title for learn-about sections for chitons in A SNAIL'S ODYSSEY
  Reproduction
 

Trochophore larvae of chitons are primitive in comparison with the veliger larvae possessed by advanced molluscs such as bivalves and snails.  The trochophore lacks a head with associated tentacles, lacks a velum for feeding and locomotion, lacks a shell, does not undergo torsion, and has a gradual kind of metamorphosis in which shell plates grow within the larva.  In the embryological development of advanced molluscs such as neogastropods, a trochophore form is present, but only as an encapsulated transitional stage leading to the free-living veliger tage.  The implication of this is that correlative with evolution of more advanced adult form in molluscs, there has been an evolution of larval form.

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  Morphology of eggs & larvae
 

Topics on chiton reproduction include morphology of eggs & larvae, considered here, and GONADAL GROWTH & SPAWNING, BROODING, and SETTLEMENT & METAMORPHOSIS considered in other sections.

 
Research study 1
 

photograph of lined chiton Tonicella lineataphotographs showing early development of a chiton Tonicella lineata


















Experiments at Friday Harbor Laboratories, Washington show that after 4-5d in laboratory culture at 12°C the larvae of Tonicella lineata become competent and begin to seek out a place to settle.  As in many molluscs and echinoderms, the urge to settle may be the product of diminishing energy reserves and actual physical mass of developing shell plates/ossicles that the larva has to carry.  In the laboratory a sure inducement for larvae of Tonicella lineata to settle is contact with coralline algae such as Lithothamnion and Lithophyllum, or with bits of ceramic roofing tile soaked in extracts of these algae.  Contact induces a swimming/crawling behaviour in the larvae and, within 6h at 12°C, the larvae are attached and metamorphosing.  Shortly after, shell plates become visible.  Within 1d the juveniles are crawling about looking for diatom and bacterial scums on which to feed.  Barnes & Gonor 1973 Mar Biol 20: 259.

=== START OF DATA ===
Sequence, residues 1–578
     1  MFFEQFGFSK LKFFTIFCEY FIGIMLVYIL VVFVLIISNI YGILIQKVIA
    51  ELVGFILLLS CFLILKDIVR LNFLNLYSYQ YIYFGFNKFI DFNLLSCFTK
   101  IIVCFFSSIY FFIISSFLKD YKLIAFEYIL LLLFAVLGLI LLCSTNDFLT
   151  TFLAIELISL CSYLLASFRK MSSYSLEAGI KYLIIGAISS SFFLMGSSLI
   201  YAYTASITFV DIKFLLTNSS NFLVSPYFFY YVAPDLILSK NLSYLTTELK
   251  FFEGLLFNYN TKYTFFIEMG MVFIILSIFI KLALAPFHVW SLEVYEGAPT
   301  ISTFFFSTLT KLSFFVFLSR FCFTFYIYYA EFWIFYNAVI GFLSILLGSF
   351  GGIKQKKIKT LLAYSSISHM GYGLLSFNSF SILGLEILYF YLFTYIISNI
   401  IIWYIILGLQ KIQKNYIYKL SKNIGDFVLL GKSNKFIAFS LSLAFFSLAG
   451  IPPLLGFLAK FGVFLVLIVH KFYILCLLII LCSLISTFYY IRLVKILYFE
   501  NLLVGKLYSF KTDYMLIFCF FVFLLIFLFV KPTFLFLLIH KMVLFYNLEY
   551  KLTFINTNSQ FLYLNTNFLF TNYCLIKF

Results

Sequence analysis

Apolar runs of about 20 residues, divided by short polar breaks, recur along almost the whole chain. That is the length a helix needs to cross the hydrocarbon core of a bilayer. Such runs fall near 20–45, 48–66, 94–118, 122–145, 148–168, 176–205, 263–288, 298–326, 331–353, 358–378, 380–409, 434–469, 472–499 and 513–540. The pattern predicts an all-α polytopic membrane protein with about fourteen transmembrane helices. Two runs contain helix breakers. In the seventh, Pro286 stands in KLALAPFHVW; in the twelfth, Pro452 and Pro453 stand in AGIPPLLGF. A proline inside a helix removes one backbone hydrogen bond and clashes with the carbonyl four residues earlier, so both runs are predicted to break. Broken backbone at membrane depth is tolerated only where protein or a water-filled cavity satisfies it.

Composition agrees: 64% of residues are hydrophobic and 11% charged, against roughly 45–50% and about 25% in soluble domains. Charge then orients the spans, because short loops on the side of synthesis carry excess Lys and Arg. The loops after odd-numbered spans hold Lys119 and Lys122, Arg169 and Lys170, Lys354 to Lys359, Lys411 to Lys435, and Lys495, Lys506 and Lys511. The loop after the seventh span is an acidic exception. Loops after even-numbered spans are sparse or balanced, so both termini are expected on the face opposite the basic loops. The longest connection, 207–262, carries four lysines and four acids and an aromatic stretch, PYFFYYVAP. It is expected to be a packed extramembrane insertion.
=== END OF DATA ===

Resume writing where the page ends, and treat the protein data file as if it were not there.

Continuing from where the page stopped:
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Research study 2
 

photographs of developing stages of a black leather chiton Katharina tunicataBlack-leather chitons Katharina tunicata on the shores of central California appear to have a development similar to that described in the above Research Study.  After about 6d in laboratory culture the trochophores, obtained from May/June spawnings, settle.  Metamorphosis is complete within 1d.  Of a variety of substrates tested in the laboratory, only the crustose coralline alga Lithothamnion induces high percentages of settlement and metamorphosis.  GABA is highly effective in inducing settlement, just as it is for abalones.  Rumrill & Cameron 1983 Mar Biol 72: 243.

NOTE  settlement-inducing effects of the neurotransmitter substance Gamma-Amino-Butyric Acid are considered elsewhere in the ODYSSEY: LEARN ABOUT ABALONES & RELATIVES: REPRODUCTION